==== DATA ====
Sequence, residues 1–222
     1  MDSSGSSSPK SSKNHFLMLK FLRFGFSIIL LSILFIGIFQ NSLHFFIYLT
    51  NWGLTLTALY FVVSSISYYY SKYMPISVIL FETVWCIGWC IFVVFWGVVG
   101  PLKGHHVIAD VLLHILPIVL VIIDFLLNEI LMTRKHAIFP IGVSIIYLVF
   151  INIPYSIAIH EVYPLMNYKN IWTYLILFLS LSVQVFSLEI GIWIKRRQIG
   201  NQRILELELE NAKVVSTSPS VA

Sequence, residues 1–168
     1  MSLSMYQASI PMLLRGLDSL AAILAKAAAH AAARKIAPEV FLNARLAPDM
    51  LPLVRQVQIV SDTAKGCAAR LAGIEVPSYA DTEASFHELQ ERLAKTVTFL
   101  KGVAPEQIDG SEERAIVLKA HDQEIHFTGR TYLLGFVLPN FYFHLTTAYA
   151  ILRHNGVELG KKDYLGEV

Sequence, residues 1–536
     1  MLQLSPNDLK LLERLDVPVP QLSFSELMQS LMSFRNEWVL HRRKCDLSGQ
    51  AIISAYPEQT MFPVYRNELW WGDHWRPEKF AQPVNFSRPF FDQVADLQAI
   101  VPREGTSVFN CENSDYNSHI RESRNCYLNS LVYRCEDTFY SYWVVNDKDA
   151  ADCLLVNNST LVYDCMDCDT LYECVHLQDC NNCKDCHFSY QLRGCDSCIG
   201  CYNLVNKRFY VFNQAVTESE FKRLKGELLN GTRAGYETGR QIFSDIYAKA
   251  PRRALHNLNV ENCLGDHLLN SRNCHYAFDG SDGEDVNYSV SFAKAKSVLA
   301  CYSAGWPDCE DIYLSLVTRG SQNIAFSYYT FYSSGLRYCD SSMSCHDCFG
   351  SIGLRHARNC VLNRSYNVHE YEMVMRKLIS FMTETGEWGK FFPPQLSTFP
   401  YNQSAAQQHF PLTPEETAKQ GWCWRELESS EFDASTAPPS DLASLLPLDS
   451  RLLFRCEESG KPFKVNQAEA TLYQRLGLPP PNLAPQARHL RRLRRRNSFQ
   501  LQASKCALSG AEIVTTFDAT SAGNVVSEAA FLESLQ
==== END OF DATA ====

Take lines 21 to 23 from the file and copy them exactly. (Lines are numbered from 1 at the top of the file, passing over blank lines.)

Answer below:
   401  YNQSAAQQHF PLTPEETAKQ GWCWRELESS EFDASTAPPS DLASLLPLDS
   451  RLLFRCEESG KPFKVNQAEA TLYQRLGLPP PNLAPQARHL RRLRRRNSFQ
   501  LQASKCALSG AEIVTTFDAT SAGNVVSEAA FLESLQ